The notion that women are more likely than men to play it safe and take fewer risks has been passionately debated in recent years. Are women born more risk averse, or just brought up that way, i.e. a social construct? And, is it really true that women don’t take chances? What do you call Mikaela Shiffrin, Sonia Sotomayor or Malala Yousafzai then?
In building a career, while risk-taking is not always rewarded, not taking risks can be penalizing in the long run. Since this year’s International Women’s Day is opportunely centered on a call for changes and progress toward gender equality, my colleagues are sharing their career stories to encourage women to take more risks along the way.
Jean Miller, Marketer, U.S. & Canada Defined Contribution Marketing
One of my most memorable career lessons was the risk I did not take.
After graduating college, I took the very first job that was offered to me at a student loan startup as a marketing associate. I didn’t have a lot of interest in the field but was happy to be working. It was during my first few weeks when I got the call. It was a prestigious public affairs internship I applied for months before, and I had just been selected. I mulled over the idea of leaving my new role, but ultimately decided that I had made a commitment—I owed it to them to follow through.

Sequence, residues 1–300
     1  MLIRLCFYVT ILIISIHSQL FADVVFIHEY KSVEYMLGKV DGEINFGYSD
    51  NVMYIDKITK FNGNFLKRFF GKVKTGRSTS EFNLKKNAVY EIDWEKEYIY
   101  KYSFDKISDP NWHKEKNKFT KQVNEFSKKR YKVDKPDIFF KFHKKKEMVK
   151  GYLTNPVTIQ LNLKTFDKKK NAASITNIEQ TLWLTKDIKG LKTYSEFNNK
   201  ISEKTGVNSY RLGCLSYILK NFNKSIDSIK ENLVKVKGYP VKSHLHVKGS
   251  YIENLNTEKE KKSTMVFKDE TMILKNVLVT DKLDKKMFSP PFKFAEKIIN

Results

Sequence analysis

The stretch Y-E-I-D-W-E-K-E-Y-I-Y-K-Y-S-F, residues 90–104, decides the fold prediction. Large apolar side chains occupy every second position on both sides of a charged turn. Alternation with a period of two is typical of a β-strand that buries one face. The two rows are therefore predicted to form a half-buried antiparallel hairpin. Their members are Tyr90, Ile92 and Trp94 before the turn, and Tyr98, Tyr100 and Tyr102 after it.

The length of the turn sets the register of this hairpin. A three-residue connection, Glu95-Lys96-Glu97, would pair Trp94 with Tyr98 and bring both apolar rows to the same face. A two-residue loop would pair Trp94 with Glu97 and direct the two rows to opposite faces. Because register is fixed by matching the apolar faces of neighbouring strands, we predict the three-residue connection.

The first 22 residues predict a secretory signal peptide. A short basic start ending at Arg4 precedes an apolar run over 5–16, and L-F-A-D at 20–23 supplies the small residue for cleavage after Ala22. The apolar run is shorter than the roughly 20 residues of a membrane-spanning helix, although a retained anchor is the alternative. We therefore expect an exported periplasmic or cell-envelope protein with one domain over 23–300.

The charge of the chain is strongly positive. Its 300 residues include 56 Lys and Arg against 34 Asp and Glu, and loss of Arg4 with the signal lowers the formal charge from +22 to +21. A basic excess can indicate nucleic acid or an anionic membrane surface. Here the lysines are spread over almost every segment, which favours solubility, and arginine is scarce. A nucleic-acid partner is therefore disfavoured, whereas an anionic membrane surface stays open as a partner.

The very next week, pink slips went out across the entire company, and I was out of a job. I immediately reached out to inquire about the internship, but the role had been filled. From that experience, I learned that you have to be forward-thinking and understand your long-term goals, and most importantly, find the courage to make the decision that is best for your career. I have tried to adhere to that ever since.
Karen Schenone, iShares Fixed Income Product Strategist
The biggest career risk that I have taken is to move to a new city for a job. Twice. After studying finance in college, I wanted to work in a corporate headquarters of a financial institution. In Texas where I grew up, most of the banks had gone out of business in the 80s, so I knew I had to move. I ended up in Seattle taking a position in Washington Mutual Bank’s (WaMu’s) analyst rotation program, which offered rotations through different parts of the business over two years and a chance to see what the right job was for me.
Moving across the country meant leaving family behind, starting over and having to make new friends. After WaMu failed in 2008, I relocated again, this time to San Francisco to take a job at BlackRock. While moving is hard, I would not have the same career opportunities if I didn’t take those risks or stay focused on my career goals. Along the way, all the things I’ve learned have made me into a more well-rounded finance professional that I am today.
Isabelle Mateos y Lago, Chief Multi-Asset Strategist, BlackRock Investment Institute
Investors learn early in their career that not making changes can be riskier than making them. Much the same can be said about one’s career, yet it often feels good enough to let the system move you forward, especially if you are a woman and the system is treating you well.